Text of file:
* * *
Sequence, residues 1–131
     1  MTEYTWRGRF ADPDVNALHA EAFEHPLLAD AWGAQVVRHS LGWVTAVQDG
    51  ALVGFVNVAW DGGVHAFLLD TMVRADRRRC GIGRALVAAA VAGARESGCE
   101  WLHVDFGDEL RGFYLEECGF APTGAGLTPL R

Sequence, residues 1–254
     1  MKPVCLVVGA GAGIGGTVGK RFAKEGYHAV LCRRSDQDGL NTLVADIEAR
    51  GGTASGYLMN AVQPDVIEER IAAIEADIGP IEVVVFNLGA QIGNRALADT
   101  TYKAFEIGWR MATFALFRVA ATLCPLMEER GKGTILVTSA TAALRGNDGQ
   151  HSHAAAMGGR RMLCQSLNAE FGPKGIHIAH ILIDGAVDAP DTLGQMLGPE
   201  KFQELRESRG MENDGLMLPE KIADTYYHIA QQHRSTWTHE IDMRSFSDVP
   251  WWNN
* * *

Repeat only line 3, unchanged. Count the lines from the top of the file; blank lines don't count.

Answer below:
    51  ALVGFVNVAW DGGVHAFLLD TMVRADRRRC GIGRALVAAA VAGARESGCE